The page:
France does not anticipate launching any military operations in northern Syria that fall outside the international coalition’s fight against Islamic State, a French presidency source said on Friday.
The official’s remarks came a day after the Kurdish-dominated Syrian Democratic Forces said President Emmanuel Macron’s pledge of support to stabilise the region against Islamic State would include more troops.
Shortly before the Elysée official spoke, Turkey’s deputy prime minister said France’s offer of support for the Kurdish YPG militants, who form the largest contingent within the Syrian Democratic Forces, amounted to support for terrorists.
Turkey was also angry about Macron’s offer to mediate between Turkey and Syrian rebels, including Kurdish fighters. Turkish President Recep Tayyip Erdogan refused the offer, accusing Macron on Friday of overstepping “his limits” and going “over his head.”
Emmanuel Macron had been criticized at home over his response to a Turkish military operation against YPG militants.
The group makes up a large portion of the SDF, which have been at the forefront of the U.S.-led coalition’s strategy to defeat the hard-line militants.
Macron met Thursday for the first time with a delegation that included the YPG, which Turkey is trying to sweep away from its border, its political arm the PYD, and Christian and Arab officials.
“The president … paid tribute to the sacrifices and the determining role of the SDF in the fight against Daesh,” Macron’s office said in a statement on Thursday. “He assured the SDF of France’s support for the stabilization of the security zone in the north-east of Syria, within the framework of an inclusive and balanced governance, to prevent any resurgence of Islamic State.”
Former president François Hollande, who originally approved French support for the Kurds, bemoaned on March 23 Macron’s Syria policy, in particular his attitude to the YPG, accusing him of abandoning them.
Ankara considers the YPG to be an extension of the outlawed Kurdistan Workers Party (PKK), which has waged a decades-long insurgency against the state within Turkey.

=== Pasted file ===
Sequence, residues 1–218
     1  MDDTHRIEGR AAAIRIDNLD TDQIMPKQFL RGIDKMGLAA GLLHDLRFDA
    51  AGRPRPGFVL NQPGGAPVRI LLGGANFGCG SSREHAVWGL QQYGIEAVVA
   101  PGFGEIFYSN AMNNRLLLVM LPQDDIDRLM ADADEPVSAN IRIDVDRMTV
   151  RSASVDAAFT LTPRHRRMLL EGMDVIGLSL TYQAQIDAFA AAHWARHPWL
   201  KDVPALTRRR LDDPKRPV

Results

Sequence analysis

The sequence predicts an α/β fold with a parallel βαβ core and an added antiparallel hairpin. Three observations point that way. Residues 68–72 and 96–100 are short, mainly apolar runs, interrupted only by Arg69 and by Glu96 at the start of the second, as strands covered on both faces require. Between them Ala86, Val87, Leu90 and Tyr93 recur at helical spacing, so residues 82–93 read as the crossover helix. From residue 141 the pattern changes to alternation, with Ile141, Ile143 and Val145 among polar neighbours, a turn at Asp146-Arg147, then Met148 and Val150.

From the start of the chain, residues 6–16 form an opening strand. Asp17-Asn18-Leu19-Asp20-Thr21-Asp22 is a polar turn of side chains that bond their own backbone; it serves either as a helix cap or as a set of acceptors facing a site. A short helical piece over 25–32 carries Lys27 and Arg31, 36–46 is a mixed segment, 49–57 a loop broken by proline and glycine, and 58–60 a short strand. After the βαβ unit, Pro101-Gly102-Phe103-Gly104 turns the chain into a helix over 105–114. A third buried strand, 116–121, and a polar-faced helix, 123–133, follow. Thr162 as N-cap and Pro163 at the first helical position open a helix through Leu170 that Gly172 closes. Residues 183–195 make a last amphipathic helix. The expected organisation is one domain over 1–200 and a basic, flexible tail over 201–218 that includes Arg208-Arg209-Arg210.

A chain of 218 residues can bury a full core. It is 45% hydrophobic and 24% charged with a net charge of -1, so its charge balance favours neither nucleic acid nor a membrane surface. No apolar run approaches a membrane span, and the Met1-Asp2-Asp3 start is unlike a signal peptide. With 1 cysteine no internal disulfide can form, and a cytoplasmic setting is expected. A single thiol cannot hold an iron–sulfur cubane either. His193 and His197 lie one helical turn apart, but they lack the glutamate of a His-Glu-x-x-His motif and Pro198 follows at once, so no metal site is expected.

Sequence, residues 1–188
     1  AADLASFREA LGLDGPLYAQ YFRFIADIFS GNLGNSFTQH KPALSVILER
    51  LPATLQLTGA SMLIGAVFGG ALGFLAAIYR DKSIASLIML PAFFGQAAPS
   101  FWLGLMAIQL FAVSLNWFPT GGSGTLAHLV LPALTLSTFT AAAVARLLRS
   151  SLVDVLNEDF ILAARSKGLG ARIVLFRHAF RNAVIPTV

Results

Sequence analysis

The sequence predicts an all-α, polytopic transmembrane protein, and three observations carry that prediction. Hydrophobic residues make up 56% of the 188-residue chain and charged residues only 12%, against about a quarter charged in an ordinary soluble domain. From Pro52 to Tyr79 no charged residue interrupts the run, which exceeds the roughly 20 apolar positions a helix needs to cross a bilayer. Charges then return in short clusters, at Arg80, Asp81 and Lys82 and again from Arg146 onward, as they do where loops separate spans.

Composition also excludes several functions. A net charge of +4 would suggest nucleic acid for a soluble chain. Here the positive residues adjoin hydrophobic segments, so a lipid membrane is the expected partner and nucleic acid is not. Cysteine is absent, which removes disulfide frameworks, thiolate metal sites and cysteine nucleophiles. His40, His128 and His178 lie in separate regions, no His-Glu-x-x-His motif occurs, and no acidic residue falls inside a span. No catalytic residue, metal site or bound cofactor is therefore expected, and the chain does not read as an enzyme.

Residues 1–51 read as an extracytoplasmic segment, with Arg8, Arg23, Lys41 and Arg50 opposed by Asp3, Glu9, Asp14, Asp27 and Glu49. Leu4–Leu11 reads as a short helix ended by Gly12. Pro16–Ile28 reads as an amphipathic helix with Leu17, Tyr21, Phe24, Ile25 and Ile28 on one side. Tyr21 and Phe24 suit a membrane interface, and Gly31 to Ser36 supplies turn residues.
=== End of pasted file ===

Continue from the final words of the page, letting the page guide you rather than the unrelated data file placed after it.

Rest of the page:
France, like the United States, has extended arms and training to the YPG-led militia in the fight against Islamic State, and has dozens of special forces based in the region, which has infuriated Turkey.
Turkey stormed the northern Syrian town of Afrin last week, and has repeatedly threatened to push its operations further east to Manbij where U.S. troops are stationed.
Speaking to Reuters after the meeting with Macron, Khaled Eissa, a PYD member who represents the northern Syria region in Paris, said Macron had promised to send more troops to the area, provide humanitarian assistance and push a diplomatic solution.
“There will be reinforcements to help secure from attacks by Islamic State and stop a foreign aggression,” he said, referring to Turkey. “It’s message that this irresponsible action from the Islamists in Ankara stops.”
The French presidency declined to comment on whether Paris was sending troops.
However, it said in the statement that Macron was offering to mediate between the two sides given that the SDF had distanced itself from the PKK.
“Acknowledging the commitment of the SDF to have no operational link with this terrorist group … he (Macron) hopes that a dialogue could be established between the FDS and Turkey with France and the international community’s help,” it said.
Macron spoke with U.S. President Donald Trump on Tuesday about the situation in northern Syria.